WHERE THE HELL? Mali, 558 miles northeast of Bamako. WHAT IN THE WORLD? For the last thousand years Timbuktu has been the Sahara's central exchange hub, a tiny mud-and-rock-walled city linking nomadic workers from the Taoudenni salt mines up north and crop farmers from the lush Niger River valley to the west. Although not as isolated (Air Mali now serves the city) or deadly (the desert's legendary bandits have been kept outside the city limits) as it was 50 years ago, Timbuktu's parched and perpetually sandblasted location has sealed its reputation as one of the planet's most sequestered cities. To reach it, rent a pinasse, a thatch-roofed wooden boat with an outboard engine, at Mopti, the Niger River's largest shoreline market. A 100-mile float past traditional mud villages with neither bridges nor electricity will take you within a four-mile jeep ride of Timbuktu. After visiting the 700-year-old Djinquereber mosque and bustling bazaar, hike several days north along the Bandiaghara Escarpment, where the Dogon, West Africans who have resisted both Islam and Christianity, still roam the desert on camelback. ACCESS: Contact Journeys International ($2,295; 800-255-8735; www.journeys-intl.com), which offers a trip to Timbuktu including 14 days of hiking, camping, and pinasse boating. RISKS: Bandits. "U.S. citizens visiting or residing in Mali are urged to avoid all non-essential road travel in the region surrounding Timbuktu," warns the U.S. Department of State Web site. "Robbers seem particularly interested in stealing vehicles." ESSENTIAL: A traditional Saharan turban. Sandstorms in and around Timbuktu are legendary.
WHERE THE HELL? Southwestern Uganda, 175 miles west of Kampala. WHAT IN THE WORLD? Closed for the past three years because of nearby rebel skirmishes, the Uganda Wildlife Authority announced plans to reopen the Ruwenzori National Park's trekking trails this year. Encompassing the headwaters of the Nile river, the eternally mist-covered 16,000-foot Mountains of the Moon, and lush lowlands choked with prehistoric-looking red-hot pokers (Kniphofia), 20-foot lobelias, and 30-foot heathers, the region would have served well as the setting for Jurrasic Park. Exploration into the verdant interior is best done on foot, hiking the rugged Ibanda Trail, which skirts 15,889-foot Mount Baker and 16,763-foot Mount Stanley, two glacier-lined peaks offering mountaineers unique African alternatives to the tourist highway on Kilimanjaro. After winding through dark bogs and waterfall-lined valleys, you'll top out on a 14,000-foot alpine ridge where deep snow can crush your preconceived notions of the African equatorial climate. ACCESS: Fly into Entebbe and drive eight hours west to Kasese, your last outpost to pick up supplies. Continue three hours north to the Ibanda trailhead at park headquarters in Nyakalengija. RISKS: The gorillas won't harm you; the guerrillas might. ESSENTIAL: Warm clothes. It's Africa, but Africa at a nippy 14,000 feet.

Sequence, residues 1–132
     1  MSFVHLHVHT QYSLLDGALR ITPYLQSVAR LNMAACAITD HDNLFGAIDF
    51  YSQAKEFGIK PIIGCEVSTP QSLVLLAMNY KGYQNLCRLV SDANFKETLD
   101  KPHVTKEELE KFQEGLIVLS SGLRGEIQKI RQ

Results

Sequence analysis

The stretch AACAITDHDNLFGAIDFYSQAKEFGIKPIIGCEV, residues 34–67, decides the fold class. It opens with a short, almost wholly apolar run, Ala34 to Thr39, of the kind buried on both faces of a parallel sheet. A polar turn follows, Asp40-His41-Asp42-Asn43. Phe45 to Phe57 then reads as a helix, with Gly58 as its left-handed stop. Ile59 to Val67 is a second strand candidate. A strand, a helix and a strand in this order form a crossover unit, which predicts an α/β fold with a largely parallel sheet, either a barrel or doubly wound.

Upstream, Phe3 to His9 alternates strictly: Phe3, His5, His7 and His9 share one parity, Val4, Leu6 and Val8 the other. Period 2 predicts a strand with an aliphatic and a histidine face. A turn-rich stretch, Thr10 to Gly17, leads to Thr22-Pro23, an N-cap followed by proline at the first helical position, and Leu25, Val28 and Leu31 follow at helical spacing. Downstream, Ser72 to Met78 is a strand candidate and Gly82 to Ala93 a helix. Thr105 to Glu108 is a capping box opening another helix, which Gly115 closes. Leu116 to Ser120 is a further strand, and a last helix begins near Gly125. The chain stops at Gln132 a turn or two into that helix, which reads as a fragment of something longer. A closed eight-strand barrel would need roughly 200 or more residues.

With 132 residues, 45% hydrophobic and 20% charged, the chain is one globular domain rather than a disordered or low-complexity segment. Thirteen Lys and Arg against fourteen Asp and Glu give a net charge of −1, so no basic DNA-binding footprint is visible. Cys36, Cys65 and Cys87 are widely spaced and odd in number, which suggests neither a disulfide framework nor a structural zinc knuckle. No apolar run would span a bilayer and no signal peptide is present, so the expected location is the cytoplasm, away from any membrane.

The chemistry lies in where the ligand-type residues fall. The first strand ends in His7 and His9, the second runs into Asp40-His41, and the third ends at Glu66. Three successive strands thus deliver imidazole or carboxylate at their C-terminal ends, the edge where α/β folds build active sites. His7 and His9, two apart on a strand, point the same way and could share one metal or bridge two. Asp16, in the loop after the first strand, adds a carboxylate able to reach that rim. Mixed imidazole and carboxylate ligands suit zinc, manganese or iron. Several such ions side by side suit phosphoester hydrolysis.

WHERE THE HELL? Congo Basin, 500 miles east of Cameroon's capital, Yaoundé. WHAT IN THE WORLD? BaAka pygmies have been able to thrive in the thickest parts of the Congo Basin, and the result is an advantageous biological adaptation: They're able to see better than most humans in the rainforest's misty dark. Thank goodness. Without the pygmies' guide services you'd likely drop 15 links on the food chain inside what is the largest contiguous jungle in Africa, home to tree leopards, elusive gorillas, rainforest elephants, and more venomous snakes than you'd care to know about. On Wilderness Travels' 16-day jungle trek, the BaAka will teach you to set traps, track blue duikers (mini antelope) and forest pigs, and gather medicinal plants like cough-curing mebeke during a bushwhack from Yaoundé. You'll cross the impossible-to-patrol border into the Central African Republic's Bayanga regionan area where The World Wildlife Fund is working to form the largest rainforest national park in Africa. ACCESS: Get in touch with Berkeley-based Wilderness Travel ($3,500; 800-368-2794; www.wildernesstravel.com), which launches its first Congo Basin trip in October 2002. RISKS: Poisonous snakes such as gabon and rhinoceros vipers, black and green mambas, cobras. ESSENTIAL: Night-vision goggles (to help you avoid stepping on a gabon).